Making official what was ordered by a federal court last September, the U.S. Fish and Wildlife Service on Tuesday restored the Yellowstone grizzly bear to Endangered Species Act protection.
Although people reacted strongly to this action now, the federal agency and Wyoming Game and Fish officials have been operating under that guideline for nearly 10 months already.
“It is extremely disappointing that grizzly bears in the Yellowstone region will be added back to the endangered species list due to a frivolous lawsuit and a flawed court decision,” said U.S. Sen. Mike Enzi.
Responding to a lawsuit filed by a group of conservation groups, Missoula Judge Dana Christensen halted delisting and returned supervision of the area grizzly to Fish and Wildlife, saying the agency had not used the best available science to make its delisting decision.
Grizzly management had been returned to the states of Wyoming, Montana and Idaho in 2017.
Still, Wyoming’s congressional delegation took the opportunity to criticize the court and Fish and Wildlife.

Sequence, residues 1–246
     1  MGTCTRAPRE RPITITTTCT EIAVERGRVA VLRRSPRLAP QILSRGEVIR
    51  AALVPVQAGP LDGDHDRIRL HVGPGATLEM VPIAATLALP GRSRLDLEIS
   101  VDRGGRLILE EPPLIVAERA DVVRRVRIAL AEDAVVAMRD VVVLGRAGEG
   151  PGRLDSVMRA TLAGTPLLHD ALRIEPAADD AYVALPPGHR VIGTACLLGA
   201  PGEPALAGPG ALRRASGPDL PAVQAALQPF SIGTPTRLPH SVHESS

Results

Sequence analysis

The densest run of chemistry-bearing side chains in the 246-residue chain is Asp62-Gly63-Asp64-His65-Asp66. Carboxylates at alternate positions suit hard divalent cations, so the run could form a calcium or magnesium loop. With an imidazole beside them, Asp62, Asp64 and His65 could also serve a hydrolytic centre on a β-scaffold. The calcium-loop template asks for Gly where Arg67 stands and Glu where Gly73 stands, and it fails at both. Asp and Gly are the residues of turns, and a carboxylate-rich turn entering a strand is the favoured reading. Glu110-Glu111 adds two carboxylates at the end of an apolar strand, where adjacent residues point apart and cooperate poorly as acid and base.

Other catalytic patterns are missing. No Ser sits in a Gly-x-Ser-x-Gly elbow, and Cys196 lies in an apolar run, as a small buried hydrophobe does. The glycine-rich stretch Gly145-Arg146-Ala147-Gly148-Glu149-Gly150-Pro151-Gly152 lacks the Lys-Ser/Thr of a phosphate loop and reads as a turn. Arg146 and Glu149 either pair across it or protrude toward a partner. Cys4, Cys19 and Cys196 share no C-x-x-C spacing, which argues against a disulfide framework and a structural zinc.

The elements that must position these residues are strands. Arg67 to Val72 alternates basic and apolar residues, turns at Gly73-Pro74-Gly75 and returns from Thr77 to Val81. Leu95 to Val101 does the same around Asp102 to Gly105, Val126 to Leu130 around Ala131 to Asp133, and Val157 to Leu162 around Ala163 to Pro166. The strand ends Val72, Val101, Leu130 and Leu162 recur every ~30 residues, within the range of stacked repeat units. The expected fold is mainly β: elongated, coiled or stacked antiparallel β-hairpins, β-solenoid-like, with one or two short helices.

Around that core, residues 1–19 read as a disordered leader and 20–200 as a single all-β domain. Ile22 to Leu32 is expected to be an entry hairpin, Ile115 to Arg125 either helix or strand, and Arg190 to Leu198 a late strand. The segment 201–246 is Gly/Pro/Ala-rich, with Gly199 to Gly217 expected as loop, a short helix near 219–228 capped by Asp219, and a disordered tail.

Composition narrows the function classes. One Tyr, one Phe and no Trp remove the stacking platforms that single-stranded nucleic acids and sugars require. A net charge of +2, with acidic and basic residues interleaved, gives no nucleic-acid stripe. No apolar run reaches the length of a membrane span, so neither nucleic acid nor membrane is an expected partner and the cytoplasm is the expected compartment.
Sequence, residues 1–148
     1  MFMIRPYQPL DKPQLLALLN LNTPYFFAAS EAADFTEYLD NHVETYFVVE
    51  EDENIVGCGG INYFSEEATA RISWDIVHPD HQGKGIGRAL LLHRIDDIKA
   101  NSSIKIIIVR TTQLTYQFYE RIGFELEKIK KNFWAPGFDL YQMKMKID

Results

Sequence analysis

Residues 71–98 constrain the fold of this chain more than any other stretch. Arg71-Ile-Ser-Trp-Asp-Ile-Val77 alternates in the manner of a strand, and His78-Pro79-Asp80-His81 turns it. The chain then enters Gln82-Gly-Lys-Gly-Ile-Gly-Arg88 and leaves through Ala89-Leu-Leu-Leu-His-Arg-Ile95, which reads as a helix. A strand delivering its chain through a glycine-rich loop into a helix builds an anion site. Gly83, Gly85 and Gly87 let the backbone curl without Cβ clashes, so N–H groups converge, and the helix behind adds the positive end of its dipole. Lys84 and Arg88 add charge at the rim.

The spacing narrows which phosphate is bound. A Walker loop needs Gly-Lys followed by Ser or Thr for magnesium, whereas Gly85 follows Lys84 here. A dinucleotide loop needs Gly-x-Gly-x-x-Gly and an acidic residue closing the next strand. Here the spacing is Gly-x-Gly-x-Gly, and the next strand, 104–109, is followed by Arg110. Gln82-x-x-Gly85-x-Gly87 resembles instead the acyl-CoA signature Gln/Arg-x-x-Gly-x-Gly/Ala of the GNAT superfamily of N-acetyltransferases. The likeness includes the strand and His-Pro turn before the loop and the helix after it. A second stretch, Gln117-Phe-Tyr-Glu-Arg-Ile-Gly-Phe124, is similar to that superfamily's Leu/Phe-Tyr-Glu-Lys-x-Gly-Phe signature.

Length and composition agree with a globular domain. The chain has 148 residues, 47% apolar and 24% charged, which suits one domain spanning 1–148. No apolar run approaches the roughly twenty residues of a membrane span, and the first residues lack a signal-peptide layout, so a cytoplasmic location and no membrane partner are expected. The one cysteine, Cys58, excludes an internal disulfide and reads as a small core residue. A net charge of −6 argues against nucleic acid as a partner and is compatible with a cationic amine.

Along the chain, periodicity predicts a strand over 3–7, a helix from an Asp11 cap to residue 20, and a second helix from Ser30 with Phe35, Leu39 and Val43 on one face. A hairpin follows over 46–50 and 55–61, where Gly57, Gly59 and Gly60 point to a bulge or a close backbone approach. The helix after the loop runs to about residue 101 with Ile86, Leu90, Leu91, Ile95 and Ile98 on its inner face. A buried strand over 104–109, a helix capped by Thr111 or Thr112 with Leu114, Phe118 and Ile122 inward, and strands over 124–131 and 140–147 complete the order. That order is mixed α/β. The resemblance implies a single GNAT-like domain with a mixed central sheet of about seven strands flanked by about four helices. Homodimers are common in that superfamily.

This roadblock surfaced after decades of nurturing the Yellowstone grizzly population to more than 700 after it declined to 136 in the 1970s and multi-governmental-agency agreement the species was recovered.
Wyoming’s U.S. Rep. Liz Cheney said Tuesday’s action was the “result of excessive litigation pursued by radical environmentalists intent on destroying our Western way of life.”
Cheney has pursued delisting the Yellowstone grizzly through Congressional action, but there has been no movement on that front.
Sen. John Barasso said, “The grizzly is fully recovered in Wyoming. End of story. The last three administrations made the determination that the grizzly bear has recovered.”